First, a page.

GWS Completes another Soil Stabilization Project for FDNY

When the century-old Emergency Management Services (EMS) Station #39 was preparing for a renovation, the Fire Department of New York (FDNY) project management team noticed differential settlement throughout the building. In order to remediate the weak soils, Cameron Engineering was asked to design a solution and immediately selected Ground Works Solutions’ proprietary chemical grout injection application.

The Station #39 rehabilitation project included 6,576 sqft of subsoil, covering nearly the entire footprint of the facility, which required increased bearing capacity necessary to support the new load. To do this, Ground Works Solutions (GWS) utilized its Deep Injection Process to stabilize the soil and bring its bearing capacity to the targeted requirements. The Deep Injection Process is a proprietary application whereby a two-part, expansive structural chemical grout is injected in a predetermined grid pattern at multiple depths to create optimal saturation of the chemical grout with the existing soil to densify, compact and restore and improve the soil’s bearing capacity.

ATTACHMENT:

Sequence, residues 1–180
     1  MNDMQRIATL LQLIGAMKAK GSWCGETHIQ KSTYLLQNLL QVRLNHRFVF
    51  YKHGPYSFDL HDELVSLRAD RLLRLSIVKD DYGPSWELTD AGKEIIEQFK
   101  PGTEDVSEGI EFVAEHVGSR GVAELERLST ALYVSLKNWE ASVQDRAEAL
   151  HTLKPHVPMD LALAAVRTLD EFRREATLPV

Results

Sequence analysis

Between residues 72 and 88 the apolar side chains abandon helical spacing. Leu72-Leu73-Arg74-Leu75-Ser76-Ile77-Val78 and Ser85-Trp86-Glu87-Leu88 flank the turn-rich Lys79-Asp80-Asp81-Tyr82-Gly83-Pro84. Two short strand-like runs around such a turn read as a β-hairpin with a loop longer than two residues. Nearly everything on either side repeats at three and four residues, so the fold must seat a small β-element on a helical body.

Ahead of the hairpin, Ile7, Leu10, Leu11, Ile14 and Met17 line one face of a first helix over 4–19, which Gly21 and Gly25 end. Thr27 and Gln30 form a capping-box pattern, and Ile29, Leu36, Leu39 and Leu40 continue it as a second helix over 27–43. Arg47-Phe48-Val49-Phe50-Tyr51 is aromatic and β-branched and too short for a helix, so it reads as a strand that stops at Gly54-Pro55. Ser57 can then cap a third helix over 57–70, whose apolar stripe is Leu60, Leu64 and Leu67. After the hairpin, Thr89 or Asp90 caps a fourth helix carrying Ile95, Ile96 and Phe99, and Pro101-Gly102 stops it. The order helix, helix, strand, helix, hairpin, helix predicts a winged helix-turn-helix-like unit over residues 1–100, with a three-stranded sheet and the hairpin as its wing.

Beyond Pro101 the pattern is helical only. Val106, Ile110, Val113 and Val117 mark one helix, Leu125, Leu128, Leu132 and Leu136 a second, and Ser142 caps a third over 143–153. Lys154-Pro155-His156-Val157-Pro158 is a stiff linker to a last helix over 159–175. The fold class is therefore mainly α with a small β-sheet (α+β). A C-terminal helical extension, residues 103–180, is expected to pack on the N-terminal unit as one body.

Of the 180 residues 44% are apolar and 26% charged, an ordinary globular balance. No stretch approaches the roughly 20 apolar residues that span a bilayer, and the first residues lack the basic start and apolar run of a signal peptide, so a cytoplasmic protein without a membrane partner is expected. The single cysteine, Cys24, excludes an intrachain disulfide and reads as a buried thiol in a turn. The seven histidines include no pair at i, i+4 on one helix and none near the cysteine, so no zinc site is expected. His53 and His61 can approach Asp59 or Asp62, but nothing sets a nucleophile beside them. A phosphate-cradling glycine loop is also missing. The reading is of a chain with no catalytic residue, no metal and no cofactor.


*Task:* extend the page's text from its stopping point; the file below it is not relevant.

This is the second project that GWS has performed for FDNY where a historic building was recommissioned to modern standards and usefulness. The benefit of GWS’ Deep Injection Process for rehabilitating historic structures is the speed of installation, cost-effectiveness, and minimal impact to the construction site.

“A requirement of our contract was that GWS’ operations were to have no impact on the additional renovation efforts that were taking place at Station #39,” stated Tony Alfano, Project Engineer for GWS. “Since our footprint is limited to a box truck and hoses, we are able to perform our work in small sections while additional contractors are able to work easily around us. Additionally, since our polymer sets to 95% capacity within 15 minutes, we are able to treat a large area quickly and cost-effectively.”

The project took place over a 6-day period and was completed under budget. Additionally, a one-year settlement inspection was recently completed for the first project site, FDNY Station #229, which reflected positive results and confirmed that no observable settlement had occurred. Overall, the EMS Station #39 and the FDNY Station #229 projects saved the City of New York a substantial amount of money in rehabilitation vs. replacement and ensured the historical buildings’ foundations were adequately supported for modern operational needs.